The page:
Saturday, May 26, 2007

"POMO"-Sexuality in the Church

In ecclesiastical news, the United Methodist Church has installed the Rev. Drew Phoenix as pastor of St. John's United Methodist Church in Charles Village, Maryland. Why is that a problem? Well, until recently the Rev. Phoenix was known as the Rev. Ann Gordon. You see, while Methodists allegedly draw the line with non-celibate gay clergy, they have no rules dealing with transgendered ministers.

"This is about more than me," said Phoenix. "This is about people who come after me, about young people in particular who are struggling with their gender identity. I'm doing this for them."

Phoenix went on to say, "The gender I was assigned at birth has never matched my own true authentic God-given gender identity, how I know myself. Fortunately today God's gift of medical science is enabling me to bring my physical body in alignment with my true gender."

Well, first, it isn't science that determines gender. Historic Christianity links physicality and gender. God creates man and woman and assigns distinctive biological traits and gender roles (see Genesis 1 and 2). It is we who turn this inside-out with our misguided and sinful conceptions of the alleged fluid and subjective nature of sexual identity. Such gender confusion is called an "abomination" in Scripture (Deut. 22:5).

Is there any doubt that we are living in an era of sexual and gender confusion? In our post-modern mind, we ourselves determine what it means to be man and woman, to be human. The Author of creation is cast aside as the goddess science is enthroned and worshipped, even in the "church."

Of course, such a thorough-going rejection of Genesis 1 and 2 begins by tossing aside biblical prescriptions concerning church leadership. That Rev. Ann was shepherding St. John's before becoming the Rev. Drew was simply a necessary first step in undermining biblical authority.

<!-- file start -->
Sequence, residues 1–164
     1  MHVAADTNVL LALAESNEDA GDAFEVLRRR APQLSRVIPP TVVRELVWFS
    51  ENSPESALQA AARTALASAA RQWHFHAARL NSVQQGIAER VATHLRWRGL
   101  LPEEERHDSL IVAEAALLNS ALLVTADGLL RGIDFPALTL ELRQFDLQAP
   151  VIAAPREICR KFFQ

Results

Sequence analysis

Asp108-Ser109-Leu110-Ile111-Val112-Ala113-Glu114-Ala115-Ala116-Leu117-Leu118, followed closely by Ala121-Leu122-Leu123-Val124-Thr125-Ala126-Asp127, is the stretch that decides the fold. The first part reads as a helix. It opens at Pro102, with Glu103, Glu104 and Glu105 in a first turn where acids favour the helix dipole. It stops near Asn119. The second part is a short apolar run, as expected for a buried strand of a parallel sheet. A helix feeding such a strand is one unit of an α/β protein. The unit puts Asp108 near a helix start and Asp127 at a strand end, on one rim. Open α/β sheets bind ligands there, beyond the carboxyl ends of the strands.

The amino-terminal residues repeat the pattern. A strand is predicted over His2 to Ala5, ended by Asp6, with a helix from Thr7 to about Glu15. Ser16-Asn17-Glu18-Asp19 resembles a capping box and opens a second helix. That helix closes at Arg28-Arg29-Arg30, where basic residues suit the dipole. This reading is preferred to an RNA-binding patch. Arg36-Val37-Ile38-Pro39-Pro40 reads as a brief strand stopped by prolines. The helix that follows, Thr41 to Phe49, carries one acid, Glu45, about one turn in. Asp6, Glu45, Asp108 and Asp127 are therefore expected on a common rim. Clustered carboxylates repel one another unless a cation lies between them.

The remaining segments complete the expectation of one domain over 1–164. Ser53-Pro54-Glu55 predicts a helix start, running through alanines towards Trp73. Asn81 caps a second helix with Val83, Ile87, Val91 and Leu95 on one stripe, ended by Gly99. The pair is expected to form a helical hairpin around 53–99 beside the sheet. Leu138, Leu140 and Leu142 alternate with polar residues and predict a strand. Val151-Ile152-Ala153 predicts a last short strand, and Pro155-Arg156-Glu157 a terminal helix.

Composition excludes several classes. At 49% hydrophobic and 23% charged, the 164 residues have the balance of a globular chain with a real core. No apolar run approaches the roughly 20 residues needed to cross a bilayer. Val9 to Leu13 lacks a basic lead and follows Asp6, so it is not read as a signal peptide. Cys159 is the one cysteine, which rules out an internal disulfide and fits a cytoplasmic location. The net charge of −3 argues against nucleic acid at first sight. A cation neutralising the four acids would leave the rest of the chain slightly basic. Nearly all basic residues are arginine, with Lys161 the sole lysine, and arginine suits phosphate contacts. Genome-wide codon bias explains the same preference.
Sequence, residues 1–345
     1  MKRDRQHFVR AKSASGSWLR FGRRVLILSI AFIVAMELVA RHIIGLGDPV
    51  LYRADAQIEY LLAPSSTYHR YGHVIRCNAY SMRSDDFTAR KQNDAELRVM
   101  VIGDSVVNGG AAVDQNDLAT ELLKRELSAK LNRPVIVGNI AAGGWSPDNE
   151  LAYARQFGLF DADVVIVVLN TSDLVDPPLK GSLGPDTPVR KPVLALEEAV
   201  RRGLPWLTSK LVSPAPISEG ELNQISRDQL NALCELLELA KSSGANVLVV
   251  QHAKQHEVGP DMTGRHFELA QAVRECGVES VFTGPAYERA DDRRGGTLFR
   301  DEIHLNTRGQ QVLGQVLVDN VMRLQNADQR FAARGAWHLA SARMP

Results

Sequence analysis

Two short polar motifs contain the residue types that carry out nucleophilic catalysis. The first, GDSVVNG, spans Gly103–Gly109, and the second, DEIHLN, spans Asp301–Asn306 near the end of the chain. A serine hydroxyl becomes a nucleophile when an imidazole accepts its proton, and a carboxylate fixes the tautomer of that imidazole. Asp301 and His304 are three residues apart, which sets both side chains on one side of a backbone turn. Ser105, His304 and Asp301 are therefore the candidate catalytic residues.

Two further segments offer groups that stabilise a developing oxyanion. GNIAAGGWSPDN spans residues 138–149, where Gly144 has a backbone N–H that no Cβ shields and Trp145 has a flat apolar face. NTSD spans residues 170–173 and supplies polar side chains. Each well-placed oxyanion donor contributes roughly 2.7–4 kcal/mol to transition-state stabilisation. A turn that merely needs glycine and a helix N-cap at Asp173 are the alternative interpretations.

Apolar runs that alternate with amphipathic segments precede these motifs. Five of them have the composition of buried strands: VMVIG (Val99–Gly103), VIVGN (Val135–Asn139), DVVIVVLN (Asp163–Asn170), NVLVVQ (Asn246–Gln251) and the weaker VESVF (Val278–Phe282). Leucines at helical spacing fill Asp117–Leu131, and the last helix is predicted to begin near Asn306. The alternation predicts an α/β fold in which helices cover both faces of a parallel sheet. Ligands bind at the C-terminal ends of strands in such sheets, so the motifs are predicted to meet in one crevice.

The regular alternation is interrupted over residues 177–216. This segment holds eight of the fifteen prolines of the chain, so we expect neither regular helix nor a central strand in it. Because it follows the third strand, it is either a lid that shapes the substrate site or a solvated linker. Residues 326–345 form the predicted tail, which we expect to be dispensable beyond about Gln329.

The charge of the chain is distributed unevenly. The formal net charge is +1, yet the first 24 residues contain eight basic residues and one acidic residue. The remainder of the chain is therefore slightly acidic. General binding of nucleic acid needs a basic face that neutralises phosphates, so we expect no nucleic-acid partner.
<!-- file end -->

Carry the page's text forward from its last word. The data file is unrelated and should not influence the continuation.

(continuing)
The wholesale rejection of biblical manhood and womanhood within the culture has largely been accepted within the institutional church. Having swallowed the egalitarian presuppositions of the Enlightenment, Christians routinely deny that there are in fact God-ordained sexual roles.

Take as one example the leadership of Willow Creek Community Church, one of America’s largest and most influential evangelical bodies. In January, 1996, John Ortberg, then a teaching pastor at Willow Creek, authored a position paper distributed to staffers at the Illinois mega church. Mr. Ortberg wrote that on the issue of gender equality, the church "has sought to insure an appropriate level of consensus on this issue with new staff members" in order to avoid a divisive environment that "would be destructive to authentic community and effective ministry." Ortberg goes on to say that "when the Bible is interpreted comprehensively, it teaches the full equality of men and women in status, giftedness and opportunity for ministry."

Christians who aren't embarrassed by their Bibles might beg to differ, and can claim the authority of the Apostle Paul:

If anyone sets his heart on being an overseer, he desires a noble task. Now the overseer must be above reproach, the husband of but one wife, temperate, self-controlled, respectable, hospitable, able to teach, not given to drunkenness, not violent but gentle, not quarrelsome, not a lover of money. He must manage his own family well and see that his children obey him with proper respect. (If anyone does not know how to manage his own family, how can he take care of God's church?) He must not be a recent convert, or he may become conceited and fall under the same judgment as the devil. He must also have a good reputation with outsiders, so that he will not fall into disgrace and into the devil's trap. Deacons, likewise, are to be men worthy of respect, sincere, not indulging in much wine, and not pursuing dishonest gain. They must keep hold of the deep truths of the faith with a clear conscience. They must first be tested; and then if there is nothing against them, let them serve as deacons. In the same way, their wives are to be women worthy of respect, not malicious talkers but temperate and trustworthy in everything. A deacon must be the husband of but one wife and must manage his children and his household well. Those who have served well gain an excellent standing and great assurance in their faith in Christ Jesus (I Tim. 3:1-13).